What is locked by someone else’s key? Exceptions to BYOK in Power BI
Data governance is one of the hot topics right now. Especially if you’re in a regulated industry like finance or insur...
It’s mainly because phishing is still one of the most prevalent cyber threats out there. Multi-factor authentication, especially with the use of security keys, is the best way to protect yourself (and your business) from a breach. And yet, it’s still not implemented often enough.
This is why I decided to show you that implementing MFA can be really simple. I’ll also share some tips for keeping your credentials protected with security keys.
Let’s start with the basics. A security key is a piece of hardware that you can connect to your computer (via USB, BLE, or NFC) or phone (via BLE or NFC) to verify your credentials when logging in online.
You can use one key for multiple services – unlike a password, it’s completely safe, because the configuration is different for each system.
There are many producers of such hardware, with the most popular being Feitian, TrustKey, and Yubico. When choosing a security key, it’s important to go with a verified manufacturer, such as one of those named above. Trusted producers are members of Microsoft Intelligent Security Association and FIDO Alliance.
Using a key for multi-factor authentication is very easy. Just follow the installation wizard in the service you wish to add the key to. All manufacturers provide applications for the keys that provide additional functionalities.
For Feitian you can use biometrics. Yubico enables you to manage your security key and PIV authentication. Installing additional software from the manufacturer’s website is necessary to use TrustKey, but it also enables biometric functions.
If you’d like to see what to expect when you set up your security key in Azure AD, check out my blog posts where I go through the process step by step:
Having tested a number of security keys from the abovementioned manufacturers, I have some observations that you may find useful. Note that these are my recommendations based on my personal experience.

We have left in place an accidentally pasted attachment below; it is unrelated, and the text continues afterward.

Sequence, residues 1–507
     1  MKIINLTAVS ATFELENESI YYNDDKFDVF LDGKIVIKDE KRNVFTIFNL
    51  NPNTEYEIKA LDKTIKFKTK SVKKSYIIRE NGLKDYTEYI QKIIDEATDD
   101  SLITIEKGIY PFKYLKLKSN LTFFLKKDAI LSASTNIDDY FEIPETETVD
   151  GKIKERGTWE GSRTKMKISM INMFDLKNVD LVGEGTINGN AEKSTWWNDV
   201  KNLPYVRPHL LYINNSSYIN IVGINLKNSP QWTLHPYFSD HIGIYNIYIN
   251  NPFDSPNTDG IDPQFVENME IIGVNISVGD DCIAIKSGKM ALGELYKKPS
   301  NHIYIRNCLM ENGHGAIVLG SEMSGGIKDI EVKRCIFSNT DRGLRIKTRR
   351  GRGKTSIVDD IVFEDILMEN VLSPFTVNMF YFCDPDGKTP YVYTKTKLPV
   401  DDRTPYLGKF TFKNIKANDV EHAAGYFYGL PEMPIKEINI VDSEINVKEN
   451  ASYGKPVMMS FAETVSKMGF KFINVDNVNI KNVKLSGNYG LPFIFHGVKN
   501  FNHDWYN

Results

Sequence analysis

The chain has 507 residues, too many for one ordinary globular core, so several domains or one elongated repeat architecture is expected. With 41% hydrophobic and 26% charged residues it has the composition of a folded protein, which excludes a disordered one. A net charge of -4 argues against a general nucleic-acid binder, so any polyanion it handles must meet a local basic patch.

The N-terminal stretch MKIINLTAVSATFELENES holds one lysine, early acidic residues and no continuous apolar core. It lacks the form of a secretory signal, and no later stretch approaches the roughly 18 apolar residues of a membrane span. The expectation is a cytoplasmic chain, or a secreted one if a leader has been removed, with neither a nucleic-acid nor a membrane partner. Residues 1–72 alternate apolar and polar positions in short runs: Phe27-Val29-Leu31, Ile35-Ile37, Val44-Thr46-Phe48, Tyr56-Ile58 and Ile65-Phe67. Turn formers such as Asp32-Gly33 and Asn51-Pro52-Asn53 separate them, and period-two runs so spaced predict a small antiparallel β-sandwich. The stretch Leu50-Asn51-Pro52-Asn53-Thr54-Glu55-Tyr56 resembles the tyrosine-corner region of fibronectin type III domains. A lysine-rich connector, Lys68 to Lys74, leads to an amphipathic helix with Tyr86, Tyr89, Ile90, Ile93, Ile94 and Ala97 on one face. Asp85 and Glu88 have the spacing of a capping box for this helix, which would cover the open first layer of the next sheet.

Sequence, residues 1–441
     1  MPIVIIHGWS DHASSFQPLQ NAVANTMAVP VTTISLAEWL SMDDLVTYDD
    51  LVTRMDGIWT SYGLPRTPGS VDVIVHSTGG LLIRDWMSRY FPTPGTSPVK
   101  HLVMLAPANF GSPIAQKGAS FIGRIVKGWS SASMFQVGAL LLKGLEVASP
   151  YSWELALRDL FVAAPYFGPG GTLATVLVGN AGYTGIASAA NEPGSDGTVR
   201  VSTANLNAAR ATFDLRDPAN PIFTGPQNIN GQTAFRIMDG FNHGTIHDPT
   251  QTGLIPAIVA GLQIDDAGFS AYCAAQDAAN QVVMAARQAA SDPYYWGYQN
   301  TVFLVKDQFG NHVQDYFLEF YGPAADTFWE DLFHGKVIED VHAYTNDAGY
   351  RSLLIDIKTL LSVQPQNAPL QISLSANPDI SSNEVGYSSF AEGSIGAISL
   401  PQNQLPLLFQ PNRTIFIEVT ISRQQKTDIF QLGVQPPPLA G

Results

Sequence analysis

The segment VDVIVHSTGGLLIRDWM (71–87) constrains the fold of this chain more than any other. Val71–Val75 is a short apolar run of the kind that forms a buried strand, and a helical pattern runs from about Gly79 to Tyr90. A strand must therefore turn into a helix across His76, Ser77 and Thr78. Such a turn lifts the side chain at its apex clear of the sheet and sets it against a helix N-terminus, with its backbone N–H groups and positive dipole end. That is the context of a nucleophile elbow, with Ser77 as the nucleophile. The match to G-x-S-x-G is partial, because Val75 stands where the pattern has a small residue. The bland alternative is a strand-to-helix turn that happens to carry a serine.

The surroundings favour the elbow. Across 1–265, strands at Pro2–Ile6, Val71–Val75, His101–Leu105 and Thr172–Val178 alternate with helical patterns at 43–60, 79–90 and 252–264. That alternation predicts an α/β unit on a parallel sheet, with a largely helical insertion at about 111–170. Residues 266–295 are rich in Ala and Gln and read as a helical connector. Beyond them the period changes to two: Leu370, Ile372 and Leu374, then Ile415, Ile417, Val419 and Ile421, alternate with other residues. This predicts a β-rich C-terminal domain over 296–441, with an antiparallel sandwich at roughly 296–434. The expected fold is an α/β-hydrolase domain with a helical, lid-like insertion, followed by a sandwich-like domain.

If you have any other insights or information on other keys, let me know, I’ll be happy to hear them.
Essentially, every user can set up their own PIN to use their key. There is no centralized way to manage PINs, which means you can’t block simple codes like 1234.
Depending on the security policy at your organization, it may be a small obstacle.
With that being said, Windows Hello for Business blocks simple PIN codes by default. This can be one way of making sure the codes are a bit safer than 1111.
Still, if you add the key directly to your Azure AD account, these settings are overridden, and you can use any PIN you like – 1111 being one. This is the case with Feitian, Yubico, and TrustKey.
You’ll need to install additional software for these keys, but you can use a fingerprint for identification with these devices.
Yubico doesn’t provide this functionality at the moment, and at the time of writing, they don’t have an availability date for it to be released.
With nearly 300 integrations, Yubico leads the way when it comes to working with other services. If you’re looking for a versatile key that you can use with multiple accounts, it’s the best choice.
TrustKey and Feitian are compatible with fewer services but are still sufficient for basic cloud, email, and productivity services.
Each manufacturer offers multiple options for connecting your key, so you’re sure to find one that works for you. Among the available connections are USB-A, USB-C, NFC, Bluetooth, PIN, biometrics, and more. Whether you need a key for your PC or your phone, you can find a compatible option.
Feitian and TrustKey both offer biometric authentication. However, to use this feature, you need to download the manufacturers’ application that enables fingerprint scanning. It is quite easy to use, but keep in mind that it’s additional software you’ll need to add to the process.
Certain models made by Yubico have additional space for security certificates. This means you can use them for Certificate Authentication (or smartcard-based authentication) to your Active Directory.
The list is continually updated on this page, and at the time of writing, includes 5 FIPS Series, 5 Series, 4 Series, and FIPS (4 Series), plus some legacy devices.
Yubico produces nano models that are very small. This is great for personal use when you want to keep your key always on hand.
However, for business use, I don’t recommend them. They are so small that most people won’t even remove them from the USB port (it’s quite difficult too, especially for USB-C). This would defeat the purpose of protecting your resources and would be the equivalent of having credentials written on a post-it note on a screen.
As a little bonus, here are some recommendations for each key brand, in terms of the available functionalities.
It’s a biometric model with solid metal chassis. Practical and convenient, it was my favorite by this manufacturer.
Another biometric model that works well with Windows Hello. Its compact size is practical for everyday use.
Both of these models are compatible with cell phones, and the only difference between them is the USB port type.
Here’s a quick summary of each brand, based on my tests. I’ve also included recommendations for particular scenarios. Your circumstances may vary, so feel free to contact me if you’d like more specific information.
I hope you enjoyed this brief guide to security keys. Make sure to follow our blog and LinkedIn profile for more tips on cybersecurity.
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